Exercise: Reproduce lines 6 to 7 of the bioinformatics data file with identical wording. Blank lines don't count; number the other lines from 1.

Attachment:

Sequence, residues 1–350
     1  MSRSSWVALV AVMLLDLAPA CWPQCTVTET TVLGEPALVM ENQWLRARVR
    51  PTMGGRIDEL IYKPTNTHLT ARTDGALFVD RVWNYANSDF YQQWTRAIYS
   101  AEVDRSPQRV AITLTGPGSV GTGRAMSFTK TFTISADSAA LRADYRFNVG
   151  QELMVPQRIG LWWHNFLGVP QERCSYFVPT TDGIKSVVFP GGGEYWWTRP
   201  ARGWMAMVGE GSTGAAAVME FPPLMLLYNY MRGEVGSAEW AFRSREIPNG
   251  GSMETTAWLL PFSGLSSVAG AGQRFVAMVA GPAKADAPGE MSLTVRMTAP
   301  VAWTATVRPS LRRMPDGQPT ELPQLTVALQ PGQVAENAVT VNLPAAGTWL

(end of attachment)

   201  ARGWMAMVGE GSTGAAAVME FPPLMLLYNY MRGEVGSAEW AFRSREIPNG
   251  GSMETTAWLL PFSGLSSVAG AGQRFVAMVA GPAKADAPGE MSLTVRMTAP